Some people adhere to a practice known as intermittent fasting for a variety of dietary and health purposes. Recently, intermittent fasting has been a popular dieting trend. It seems like these days everyone is partaking in the trend from health bloggers to personal trainers to celebrities like Beyoncé and Dwayne “The Rock” Johnson. However, not all of these participants manage Type 1 diabetes in their day to day life. For those with Type 1 diabetes who are wondering if participating in intermittent fasting is safe, keep reading.
Brief Overview Of Type 1 Diabetes
Type 1 diabetes occurs because the pancreases of these stricken individuals produce little or, in some cases, no insulin. Insulin is a hormone responsible for the body’s synthesis of glucose (sugar). Symptoms of this malady often include but are not limited to excessive hunger and thirst, unintended weight loss, increased urination, fatigue, and vision disturbances.
Intermittent fasting, sometimes abbreviated as IF, is a dietary practice some individuals engage in to lose weight and improve their overall health.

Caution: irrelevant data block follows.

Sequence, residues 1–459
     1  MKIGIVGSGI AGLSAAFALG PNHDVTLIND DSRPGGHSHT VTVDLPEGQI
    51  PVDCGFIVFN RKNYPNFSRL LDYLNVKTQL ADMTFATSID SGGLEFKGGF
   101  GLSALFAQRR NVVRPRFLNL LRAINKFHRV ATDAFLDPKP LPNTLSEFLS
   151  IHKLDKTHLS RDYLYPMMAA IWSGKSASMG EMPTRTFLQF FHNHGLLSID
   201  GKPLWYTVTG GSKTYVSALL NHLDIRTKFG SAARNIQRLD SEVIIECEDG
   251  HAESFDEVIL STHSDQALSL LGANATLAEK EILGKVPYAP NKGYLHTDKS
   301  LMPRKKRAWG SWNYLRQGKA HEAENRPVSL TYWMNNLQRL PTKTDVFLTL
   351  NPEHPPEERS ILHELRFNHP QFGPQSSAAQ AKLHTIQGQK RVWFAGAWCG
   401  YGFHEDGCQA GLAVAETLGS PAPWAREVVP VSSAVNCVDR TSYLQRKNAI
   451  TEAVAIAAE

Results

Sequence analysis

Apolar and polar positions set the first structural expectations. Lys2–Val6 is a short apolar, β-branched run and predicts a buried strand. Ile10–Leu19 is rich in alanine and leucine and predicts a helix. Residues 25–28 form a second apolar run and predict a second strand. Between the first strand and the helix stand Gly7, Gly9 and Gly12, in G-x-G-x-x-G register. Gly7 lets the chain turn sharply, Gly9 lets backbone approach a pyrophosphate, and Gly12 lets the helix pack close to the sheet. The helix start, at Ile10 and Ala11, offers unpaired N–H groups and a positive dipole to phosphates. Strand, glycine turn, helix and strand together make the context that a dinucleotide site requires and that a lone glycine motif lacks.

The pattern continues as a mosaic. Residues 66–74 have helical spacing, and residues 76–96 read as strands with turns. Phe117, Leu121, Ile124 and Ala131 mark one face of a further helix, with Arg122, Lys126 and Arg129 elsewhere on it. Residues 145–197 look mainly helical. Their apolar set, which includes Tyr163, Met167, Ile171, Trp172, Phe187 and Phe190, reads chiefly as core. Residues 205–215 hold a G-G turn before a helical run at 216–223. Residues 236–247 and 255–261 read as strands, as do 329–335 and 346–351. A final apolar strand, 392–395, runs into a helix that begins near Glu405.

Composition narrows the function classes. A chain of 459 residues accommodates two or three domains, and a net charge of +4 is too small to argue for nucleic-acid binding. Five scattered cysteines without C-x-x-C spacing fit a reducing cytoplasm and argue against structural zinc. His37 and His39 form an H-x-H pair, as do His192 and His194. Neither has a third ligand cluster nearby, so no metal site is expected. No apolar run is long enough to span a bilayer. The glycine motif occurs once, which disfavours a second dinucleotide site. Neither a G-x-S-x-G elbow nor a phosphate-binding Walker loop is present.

This practice entails adopting eating patterns in which participants fast for extended periods. In certain instances, food free periods could last for as long as 16 hours per day or for full days once or twice per week. Proponents of the practice opine that adherents lose or maintain healthy weights because they minimize caloric intake. Additionally, those in favor of IF suggest that doing so improves certain bodily functions such as hormonal regulation, cellular repair, cardiovascular flow, and cognitive capabilities.
Intermittent Fasting And Type 1 Diabetes
Individuals afflicted with this malady often experience unusual fluctuations in blood glucose concentrations. Should such findings be too high or too low, exacerbations of their symptoms might occur. In severe cases, these physical manifestations could pose serious, potentially life-threatening issues.
Certain people with this disease wonder if the practice is safe. Some members of the medical community opine that IF is safe provided those in question carefully monitor their diets and blood glucose levels, as well as administer insulin when necessary.
In addition to helping individuals maintain a healthy weight and control their intake of calories, IF might also regulate systemic insulin and render Type 1 diabetics less dependent upon the substance.
Anyone with Type 1 diabetes is, however, urged to discuss IF or any other major dietary practice with their doctor before committing to it. Furthermore, if they experience any worsening or new symptoms while adhering to this dietary plan, such individuals are encouraged to consult with a medical professional.